This project commenced by determining the feasibility of using desktop computing systems for berry detection and colour measurements of images of bunches of grapes. A colour reference card located within the image allowed for colour correction algorithms to be applied and served as a depth of field calibration for accurate berry size estimation. Initial image analysis showed good correlations between berry measures from the image and laboratory measures for berry size and colour in white varieties, and berry size for red varieties. Several reference items were trialled for depth of field calibrations and for the purposes of this project a probe that could be inserted into the target bunches was chosen. Inserting a probe into the bunch of grapes facilitates image capture as the camera operator is not required to hold or place an object in the image area; the probe is not obscured by fingers or the hands of the operator and the probe can be easily removed and reused. Berry illumination is an important consideration to image capture prior to analysis as colour casting arises from differentially shaded portions of the vine canopy, which in turn is influenced by the degree of cloud cover, light angle and time of day. Several image databases have been created for grape bunches at varying levels of maturity and for several cultivars, along with traditional measures of grape composition. These databases will provide a valuable resource for the development of machine learning algorithms for future projects.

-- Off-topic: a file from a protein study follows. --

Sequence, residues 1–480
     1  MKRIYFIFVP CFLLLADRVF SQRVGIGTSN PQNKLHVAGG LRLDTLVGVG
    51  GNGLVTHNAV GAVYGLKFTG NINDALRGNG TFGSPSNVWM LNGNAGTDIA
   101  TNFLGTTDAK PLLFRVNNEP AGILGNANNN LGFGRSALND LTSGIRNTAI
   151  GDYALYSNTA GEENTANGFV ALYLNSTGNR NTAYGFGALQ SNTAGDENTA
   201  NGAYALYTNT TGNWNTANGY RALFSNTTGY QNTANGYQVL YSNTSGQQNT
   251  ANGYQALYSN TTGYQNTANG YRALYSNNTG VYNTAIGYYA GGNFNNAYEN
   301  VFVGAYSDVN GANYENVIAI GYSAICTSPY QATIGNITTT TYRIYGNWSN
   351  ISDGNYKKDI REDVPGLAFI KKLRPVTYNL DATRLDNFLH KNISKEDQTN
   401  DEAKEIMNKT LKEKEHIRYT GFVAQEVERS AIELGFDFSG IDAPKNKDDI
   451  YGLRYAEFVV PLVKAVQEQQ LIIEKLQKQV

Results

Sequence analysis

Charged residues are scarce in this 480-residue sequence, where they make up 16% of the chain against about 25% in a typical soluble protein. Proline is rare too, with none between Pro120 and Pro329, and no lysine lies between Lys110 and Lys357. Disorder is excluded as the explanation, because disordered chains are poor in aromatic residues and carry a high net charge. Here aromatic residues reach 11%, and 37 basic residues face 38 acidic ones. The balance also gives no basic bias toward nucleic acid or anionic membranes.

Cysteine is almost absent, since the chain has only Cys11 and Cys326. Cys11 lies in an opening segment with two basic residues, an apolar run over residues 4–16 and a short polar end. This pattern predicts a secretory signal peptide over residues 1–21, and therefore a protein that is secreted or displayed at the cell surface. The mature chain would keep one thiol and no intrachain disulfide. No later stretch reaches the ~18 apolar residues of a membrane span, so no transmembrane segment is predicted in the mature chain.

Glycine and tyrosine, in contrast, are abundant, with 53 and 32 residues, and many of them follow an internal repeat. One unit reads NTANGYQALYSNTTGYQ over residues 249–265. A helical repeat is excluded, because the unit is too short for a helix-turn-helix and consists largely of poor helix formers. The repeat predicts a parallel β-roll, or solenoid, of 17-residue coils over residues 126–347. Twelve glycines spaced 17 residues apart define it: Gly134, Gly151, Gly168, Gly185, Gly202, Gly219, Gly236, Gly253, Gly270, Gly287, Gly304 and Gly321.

To determine the spatial and temporal variability of fruit composition within a single bunch, an investigation to characterise bunch heterogeneity at two developmental stages (veraison and full maturity immediately prior to harvest) was undertaken. Berry position within bunches and branches did not influence berry composition, however, berry seed number was strongly correlated with sugar concentration fresh and dry mass of the pericarp and skin colour at veraison.

Smartphone app development was undertaken to incorporate image capture, berry detection, colour and size measures within the Android Studio with OpenCV. This App can be operated using Android version 4.0.3 (Ice Cream Sandwich). To assist in the development of the user interface, feedback from industry representatives was sought prior to final GUI development. User data incorporating vineyard, block and grape cultivar can be entered prior to image capture and running berry detection algorithms. A considerable investment of time to overcome the programming challenge of incorporating image detection and machine learning algorithms from a desktop to a smartphone computing environment was required for this project.

The resulting Android platform App (WineOZ SmartGrape) can be downloaded from the app store and interfaced with an Excel™ based dashboard to monitor the temporal and spatial data created with the image analysis features of the software. The app can be downloaded from:

https://play.google.com/store/apps/details?id=com.nwgic.grapeyield

The dashboard, along with instructions and guidelines for imaging, is available from the NWGIC web site:

http://www.csu.edu.au/nwgic/research/wineoz-smartgrape-mobile-application

The berry detection pipeline was developed within this project using a sequential process that makes use of five stages of detection: